Most news sites also recognize the value of what Nielsen calls "microcontent" -- smaller units of information. He means headlines and summaries, but also things like captions, subheadings, "lift-out" quotes and bullet lists. What do you think? Is this bullet list easier to scan than the preceding sentence?
The idea of making text "scannable" by emphasizing keywords (another Nielsen favorite) doesn't have as wide a following. Too many bold words or blue hyperlinks can be annoying. (This page may be an example!) As a reader, what do you think? Should we stick to the headlines, subheadings and other features readers are accustomed to in printed newspapers and magazines? Do the bold words or the blue link words make the text harder to read?
- lift-out quotes
- bullet lists
Are "layers of news" a new thing?
Newspapers have told stories in layers for a century and more. Look at the way the Titanic's sinking was covered with pictures and multiple-deck headlines. Newspapers, as well as Web sites, generally confine themselves to one or two headline decks for most stories, possibly with a summary "blurb" before the story's lead paragraph.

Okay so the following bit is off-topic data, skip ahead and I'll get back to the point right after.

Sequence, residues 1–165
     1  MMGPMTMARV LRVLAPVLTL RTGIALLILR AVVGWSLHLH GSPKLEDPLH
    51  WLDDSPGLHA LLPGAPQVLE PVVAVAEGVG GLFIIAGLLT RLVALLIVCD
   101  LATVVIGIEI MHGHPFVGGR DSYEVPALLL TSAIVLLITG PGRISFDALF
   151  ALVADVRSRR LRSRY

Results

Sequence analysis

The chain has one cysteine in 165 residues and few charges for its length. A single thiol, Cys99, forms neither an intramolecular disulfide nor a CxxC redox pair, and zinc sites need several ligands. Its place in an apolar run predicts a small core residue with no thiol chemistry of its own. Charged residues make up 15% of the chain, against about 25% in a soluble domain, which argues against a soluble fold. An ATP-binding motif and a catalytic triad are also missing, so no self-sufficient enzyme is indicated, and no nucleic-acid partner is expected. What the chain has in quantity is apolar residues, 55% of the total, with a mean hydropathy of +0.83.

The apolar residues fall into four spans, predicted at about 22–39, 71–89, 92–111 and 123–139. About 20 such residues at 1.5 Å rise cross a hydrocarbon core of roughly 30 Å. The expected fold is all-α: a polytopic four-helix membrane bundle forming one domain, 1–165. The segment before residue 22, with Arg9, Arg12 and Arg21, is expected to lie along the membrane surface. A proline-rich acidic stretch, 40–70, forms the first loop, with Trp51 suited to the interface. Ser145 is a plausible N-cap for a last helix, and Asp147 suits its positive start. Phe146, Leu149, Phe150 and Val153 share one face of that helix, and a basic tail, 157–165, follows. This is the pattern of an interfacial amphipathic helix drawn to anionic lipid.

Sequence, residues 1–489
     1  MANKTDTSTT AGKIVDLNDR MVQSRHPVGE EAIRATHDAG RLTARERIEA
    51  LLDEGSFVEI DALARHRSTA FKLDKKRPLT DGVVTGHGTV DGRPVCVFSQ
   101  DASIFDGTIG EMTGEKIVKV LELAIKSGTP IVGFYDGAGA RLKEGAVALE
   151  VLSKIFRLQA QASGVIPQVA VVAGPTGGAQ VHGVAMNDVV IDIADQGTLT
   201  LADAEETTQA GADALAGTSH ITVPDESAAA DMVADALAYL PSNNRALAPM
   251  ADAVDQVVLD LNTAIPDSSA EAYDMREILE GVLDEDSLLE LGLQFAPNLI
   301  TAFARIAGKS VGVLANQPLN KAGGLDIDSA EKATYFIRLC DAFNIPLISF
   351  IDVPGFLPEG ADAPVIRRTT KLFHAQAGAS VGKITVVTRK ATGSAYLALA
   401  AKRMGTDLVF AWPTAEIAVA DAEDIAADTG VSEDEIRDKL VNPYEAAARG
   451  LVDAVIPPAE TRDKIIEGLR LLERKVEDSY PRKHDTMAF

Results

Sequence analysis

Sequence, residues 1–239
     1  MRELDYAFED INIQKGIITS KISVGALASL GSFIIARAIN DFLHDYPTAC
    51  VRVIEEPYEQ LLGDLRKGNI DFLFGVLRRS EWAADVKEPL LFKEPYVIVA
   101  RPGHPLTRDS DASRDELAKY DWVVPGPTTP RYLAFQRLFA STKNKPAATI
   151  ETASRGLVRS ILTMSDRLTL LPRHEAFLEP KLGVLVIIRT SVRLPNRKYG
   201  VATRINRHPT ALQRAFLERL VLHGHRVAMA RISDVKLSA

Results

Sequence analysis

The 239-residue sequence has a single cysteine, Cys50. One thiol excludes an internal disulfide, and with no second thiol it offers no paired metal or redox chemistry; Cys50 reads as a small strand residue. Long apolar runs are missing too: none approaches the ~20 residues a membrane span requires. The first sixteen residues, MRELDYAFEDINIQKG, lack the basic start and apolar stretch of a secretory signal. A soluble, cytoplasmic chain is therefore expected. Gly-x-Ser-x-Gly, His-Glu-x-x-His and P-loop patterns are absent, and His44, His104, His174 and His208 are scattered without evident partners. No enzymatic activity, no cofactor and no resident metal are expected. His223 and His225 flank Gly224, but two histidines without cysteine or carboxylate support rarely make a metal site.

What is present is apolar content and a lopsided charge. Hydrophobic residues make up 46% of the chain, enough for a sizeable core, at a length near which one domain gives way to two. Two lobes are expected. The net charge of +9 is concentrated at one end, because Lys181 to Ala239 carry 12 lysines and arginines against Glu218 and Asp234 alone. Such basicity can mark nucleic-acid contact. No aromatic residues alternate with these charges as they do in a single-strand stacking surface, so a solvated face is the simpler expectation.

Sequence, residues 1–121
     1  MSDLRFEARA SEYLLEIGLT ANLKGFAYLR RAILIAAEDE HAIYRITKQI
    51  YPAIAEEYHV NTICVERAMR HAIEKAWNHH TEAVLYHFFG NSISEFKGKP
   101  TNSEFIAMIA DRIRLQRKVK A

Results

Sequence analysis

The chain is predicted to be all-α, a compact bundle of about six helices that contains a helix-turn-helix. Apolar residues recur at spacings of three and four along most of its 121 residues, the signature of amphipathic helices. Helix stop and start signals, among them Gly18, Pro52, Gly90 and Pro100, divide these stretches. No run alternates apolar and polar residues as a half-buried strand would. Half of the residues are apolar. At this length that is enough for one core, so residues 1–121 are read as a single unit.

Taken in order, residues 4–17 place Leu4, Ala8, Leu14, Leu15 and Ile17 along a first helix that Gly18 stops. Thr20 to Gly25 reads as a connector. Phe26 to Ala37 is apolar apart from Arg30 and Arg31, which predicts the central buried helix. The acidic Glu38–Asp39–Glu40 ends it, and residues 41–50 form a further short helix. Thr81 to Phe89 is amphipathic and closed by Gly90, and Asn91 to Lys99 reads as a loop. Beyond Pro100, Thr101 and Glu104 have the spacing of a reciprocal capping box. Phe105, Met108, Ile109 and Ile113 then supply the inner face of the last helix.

Another layering approach, in both print and online, is what a Poynter Institute article called "non-linear narrative." One of its examples was a Sun News feature about spring planting. The story was a natural for slicing into smaller pieces like the watermelon wedges at the top of this page. In the full-page newspaper layout, each vegetable or fruit had its own "wooden" box. Online, a designer might separate the boxes into individual pages linked to a pile of vegetables or a map of a garden -- with hypertext links leading to a separate page for each fruit or vegetable. The same short "chunks" of text probably would work on the Web page or in the newspaper layout without much rewriting.
On more complex topics, breaking a story into parts can require advance planning by the writer and editor. How much background does each chunk need, especially if the reader doesn't follow a set sequence through the collection? (Hypertext novels have been written, taking advantage of that uncertainty to experiment with literary theories about storytelling and "closure." News writing should solve mysteries, not create them.)
Using hypertext links, many news sites offer readers collections of background stories on recurring topics in the news. Sometimes called "shells," such pages assemble "evergreen" links to stories and other information. For examples, see the Times topics pages on people, places and issues, or the Washington Post politics page, which links to a database of congressional voting records.
An online story may be presented in several forms -- one designed for reading on the screen, another for printing, another for downloading to a Palm organizer. Sometimes that will be a matter of reformatting a single text, but it also might mean writing separate versions.